Note: This may not be true for children with Asperger disorder who can often pass as “typical” until a much later age (10-12 years).
Co-morbidities of autistic spectrum disorders
· Psychiatric disorders: Attention Deficit Hyperactivity Disorder, anxiety disorders, disruptive behavior disorders, mood disorders, tics and Tourette disorder.
· Mental retardation
· Feeding disturbances and gastro-intestinal problems
· Sleep disturbances
· Hearing impairment
Natural course ofAutistic disorder
· It is very important to remember that the clinical spectrum changes with age and attainment of developmental maturity.
· The specific characteristics change as the child grows older, but the deficits continue into and through adult life with broadly similar patterns.
· During infancy, most children have a history of delayed or unusual development. Some children (33%) may give a history of normal development with regression becoming apparent between 1 and 3 ½ years. Often delays and deviations in language become apparent during the 2nd or 3rd year and are a common cause of seeking professional help. Up to 25% of children with autism had a history of normal development to approximately 18-24 months of age followed by a loss of social and communication skills
· As the child develops, the child may become more willing to be passively engaged in social interaction, but their behavior is still deviant with unawareness of other people’s boundaries or inappropriate intrusiveness
· Hyperactivity improves and ritualistic behaviors start decreasing during adolescence
· Depression may develop in some high functioning autistic individuals who have limited social and language skills when they struggle with the normal desire to be apart of a group.
BROAD PRINCIPLES OF MANAGEMENT
The goals of management comprise of:
· Advancement of normal development (acquisition of cognitive, communication and social skills)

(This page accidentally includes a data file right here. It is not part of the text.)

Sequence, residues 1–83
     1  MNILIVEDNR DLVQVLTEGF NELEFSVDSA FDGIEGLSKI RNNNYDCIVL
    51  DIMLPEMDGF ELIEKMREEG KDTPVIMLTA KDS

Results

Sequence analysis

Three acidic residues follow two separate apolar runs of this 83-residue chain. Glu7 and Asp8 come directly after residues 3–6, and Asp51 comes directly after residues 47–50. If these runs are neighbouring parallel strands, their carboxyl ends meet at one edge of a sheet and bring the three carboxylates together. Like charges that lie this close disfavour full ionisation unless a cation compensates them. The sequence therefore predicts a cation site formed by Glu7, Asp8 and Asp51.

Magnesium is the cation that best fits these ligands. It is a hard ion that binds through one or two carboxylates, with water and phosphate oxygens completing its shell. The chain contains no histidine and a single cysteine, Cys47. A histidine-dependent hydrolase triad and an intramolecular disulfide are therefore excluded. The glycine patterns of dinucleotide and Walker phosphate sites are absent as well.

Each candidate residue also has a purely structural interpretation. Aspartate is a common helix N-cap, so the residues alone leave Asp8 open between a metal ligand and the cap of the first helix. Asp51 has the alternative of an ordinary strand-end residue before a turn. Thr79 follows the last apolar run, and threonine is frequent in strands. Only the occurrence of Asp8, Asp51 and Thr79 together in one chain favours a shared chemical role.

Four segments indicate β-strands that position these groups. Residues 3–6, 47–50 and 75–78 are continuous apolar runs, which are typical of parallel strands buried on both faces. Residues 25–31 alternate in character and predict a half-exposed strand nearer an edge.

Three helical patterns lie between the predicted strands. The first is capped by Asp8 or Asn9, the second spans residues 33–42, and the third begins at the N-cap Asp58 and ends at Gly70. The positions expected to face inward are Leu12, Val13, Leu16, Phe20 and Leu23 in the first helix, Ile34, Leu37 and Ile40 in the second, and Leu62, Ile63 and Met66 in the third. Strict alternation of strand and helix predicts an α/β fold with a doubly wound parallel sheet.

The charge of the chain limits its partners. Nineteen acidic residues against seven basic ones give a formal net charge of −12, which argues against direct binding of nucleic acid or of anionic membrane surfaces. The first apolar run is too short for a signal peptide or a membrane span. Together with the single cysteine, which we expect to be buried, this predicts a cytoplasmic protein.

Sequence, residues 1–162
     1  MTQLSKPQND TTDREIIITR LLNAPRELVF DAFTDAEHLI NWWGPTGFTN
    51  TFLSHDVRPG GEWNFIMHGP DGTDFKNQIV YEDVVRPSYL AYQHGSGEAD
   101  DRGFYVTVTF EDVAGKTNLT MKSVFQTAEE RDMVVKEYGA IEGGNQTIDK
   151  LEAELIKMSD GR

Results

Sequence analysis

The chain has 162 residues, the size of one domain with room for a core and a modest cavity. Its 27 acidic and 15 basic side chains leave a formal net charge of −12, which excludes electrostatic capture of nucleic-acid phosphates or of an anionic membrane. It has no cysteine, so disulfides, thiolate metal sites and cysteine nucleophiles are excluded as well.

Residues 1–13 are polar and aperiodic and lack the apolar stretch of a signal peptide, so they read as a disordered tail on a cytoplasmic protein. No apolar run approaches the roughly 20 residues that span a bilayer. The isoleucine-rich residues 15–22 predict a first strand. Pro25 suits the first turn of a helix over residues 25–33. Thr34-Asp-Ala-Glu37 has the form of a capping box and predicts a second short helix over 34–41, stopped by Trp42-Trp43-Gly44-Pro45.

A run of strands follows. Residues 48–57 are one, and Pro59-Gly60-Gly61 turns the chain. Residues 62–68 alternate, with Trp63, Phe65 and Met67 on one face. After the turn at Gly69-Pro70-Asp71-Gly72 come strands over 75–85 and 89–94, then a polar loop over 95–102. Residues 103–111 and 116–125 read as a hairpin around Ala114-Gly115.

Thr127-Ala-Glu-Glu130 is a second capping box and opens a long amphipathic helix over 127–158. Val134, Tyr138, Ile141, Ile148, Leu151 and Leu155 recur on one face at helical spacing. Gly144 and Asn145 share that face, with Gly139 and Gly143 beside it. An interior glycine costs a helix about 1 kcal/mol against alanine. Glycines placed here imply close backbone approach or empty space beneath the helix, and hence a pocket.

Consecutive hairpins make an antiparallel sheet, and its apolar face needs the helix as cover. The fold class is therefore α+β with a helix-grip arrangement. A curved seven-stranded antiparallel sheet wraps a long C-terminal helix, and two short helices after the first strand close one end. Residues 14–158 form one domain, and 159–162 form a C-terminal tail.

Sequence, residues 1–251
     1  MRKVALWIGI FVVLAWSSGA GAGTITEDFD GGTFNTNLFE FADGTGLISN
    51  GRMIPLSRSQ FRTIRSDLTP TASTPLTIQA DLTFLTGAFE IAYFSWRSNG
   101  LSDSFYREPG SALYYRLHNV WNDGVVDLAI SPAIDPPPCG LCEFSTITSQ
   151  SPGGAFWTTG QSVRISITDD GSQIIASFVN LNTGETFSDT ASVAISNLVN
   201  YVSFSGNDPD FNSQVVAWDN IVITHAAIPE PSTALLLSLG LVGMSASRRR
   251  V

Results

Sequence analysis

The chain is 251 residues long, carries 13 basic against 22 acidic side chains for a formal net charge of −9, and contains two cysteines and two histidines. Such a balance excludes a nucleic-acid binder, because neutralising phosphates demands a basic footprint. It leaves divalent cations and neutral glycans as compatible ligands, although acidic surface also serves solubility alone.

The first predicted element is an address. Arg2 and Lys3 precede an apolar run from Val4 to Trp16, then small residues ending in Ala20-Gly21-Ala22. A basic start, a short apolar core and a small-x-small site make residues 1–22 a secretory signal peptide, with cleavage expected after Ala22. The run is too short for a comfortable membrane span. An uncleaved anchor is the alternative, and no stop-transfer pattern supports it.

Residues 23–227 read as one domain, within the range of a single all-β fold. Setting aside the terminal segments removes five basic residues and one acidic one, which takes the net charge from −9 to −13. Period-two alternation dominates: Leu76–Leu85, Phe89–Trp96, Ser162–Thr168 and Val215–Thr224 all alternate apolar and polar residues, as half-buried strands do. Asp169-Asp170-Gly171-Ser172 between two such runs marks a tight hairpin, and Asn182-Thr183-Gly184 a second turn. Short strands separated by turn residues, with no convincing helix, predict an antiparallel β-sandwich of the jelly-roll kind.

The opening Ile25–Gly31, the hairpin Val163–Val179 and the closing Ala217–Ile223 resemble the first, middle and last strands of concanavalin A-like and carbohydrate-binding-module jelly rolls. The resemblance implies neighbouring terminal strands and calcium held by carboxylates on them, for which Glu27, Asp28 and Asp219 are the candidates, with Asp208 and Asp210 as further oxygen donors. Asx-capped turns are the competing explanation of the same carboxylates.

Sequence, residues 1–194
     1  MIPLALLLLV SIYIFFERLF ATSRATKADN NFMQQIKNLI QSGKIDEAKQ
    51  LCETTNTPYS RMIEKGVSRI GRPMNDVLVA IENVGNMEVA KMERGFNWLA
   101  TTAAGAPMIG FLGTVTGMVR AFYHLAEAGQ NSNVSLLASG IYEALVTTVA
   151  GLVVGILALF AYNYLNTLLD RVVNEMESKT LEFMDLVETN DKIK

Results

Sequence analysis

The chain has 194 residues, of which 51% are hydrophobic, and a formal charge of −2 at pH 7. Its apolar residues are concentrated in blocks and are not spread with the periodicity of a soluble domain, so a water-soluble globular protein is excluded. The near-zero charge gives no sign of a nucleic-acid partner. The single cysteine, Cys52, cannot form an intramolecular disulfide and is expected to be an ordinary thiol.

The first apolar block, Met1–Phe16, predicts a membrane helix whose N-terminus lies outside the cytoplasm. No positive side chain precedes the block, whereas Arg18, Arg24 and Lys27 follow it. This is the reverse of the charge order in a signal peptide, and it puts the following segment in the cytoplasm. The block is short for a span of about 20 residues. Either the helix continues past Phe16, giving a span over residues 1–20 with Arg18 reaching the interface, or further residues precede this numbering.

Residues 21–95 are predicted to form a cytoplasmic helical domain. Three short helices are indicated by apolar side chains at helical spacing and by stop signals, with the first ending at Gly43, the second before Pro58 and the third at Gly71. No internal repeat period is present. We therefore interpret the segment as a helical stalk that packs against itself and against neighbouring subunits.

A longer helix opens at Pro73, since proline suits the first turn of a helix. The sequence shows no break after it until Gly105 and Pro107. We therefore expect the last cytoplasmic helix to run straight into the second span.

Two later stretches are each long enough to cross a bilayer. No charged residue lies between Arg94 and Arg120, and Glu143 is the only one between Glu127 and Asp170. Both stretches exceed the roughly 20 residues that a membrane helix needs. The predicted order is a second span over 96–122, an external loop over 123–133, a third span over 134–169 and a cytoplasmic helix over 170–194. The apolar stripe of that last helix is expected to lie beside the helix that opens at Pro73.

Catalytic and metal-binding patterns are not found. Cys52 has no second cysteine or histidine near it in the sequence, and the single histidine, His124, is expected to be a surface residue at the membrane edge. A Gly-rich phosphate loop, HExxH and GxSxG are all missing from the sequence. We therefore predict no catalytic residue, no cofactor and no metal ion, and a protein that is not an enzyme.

· Promotion of learning and problem solving in structured semi-structured and unstructured settings
· Reduction of maladaptive behavior that impede learning
· Treatment of all co-morbid conditions
· Assistance of families to cope with autism
Management of primary problems
The earlier and more frequent the intervention, the better the prognosis. Universally accepted goals are improvement of the overall functioning status of the child by development of communication, social, adaptive, behavioral and academic skills. Therapy with young children focuses on speech and language, special education, parent education, training and support and pharmacotherapy for certain target symptoms. Older children and adolescents with greater intelligence but poor social skills and psychiatric symptoms may require psychotherapy, behavioral or cognitive therapy and pharmacotherapy.
Behavioral & Psychological Treatment:
2- 3 years children
· Target deficits in learning, language, imitation, attention, motivation, compliance and initiative of interaction
· Behavioral methods/ communication/ occupational/ physical therapy/ social play intervention
· Physical activity to develop motor coordination (games/ puzzle/ paint)
· Encourage interaction and use of language at snack time
3- 9 years children
· Provide a structure to enable a child to acquire social skills and functional communication
· Involve parents to use the skills and behavior learned at school when at home
· Encourage to grow his/ her areas of strength
· Skills as learning how to behave in social gatherings and in making friends
Address practical matters in activities of daily living
· There is no pharmacological cure or substitute for appropriate educational, behavioral, psychotherapeutic, vocational, and recreational programs
· Medication is used only as an adjunct to these core interventions
· The goals are to minimize core symptoms, prevent harmful behavior (aggression, self-injury) and maximize the benefits of non-medical intervention.
· A decrease in these behaviors may facilitate communication, learning, socialization and integration into community settings.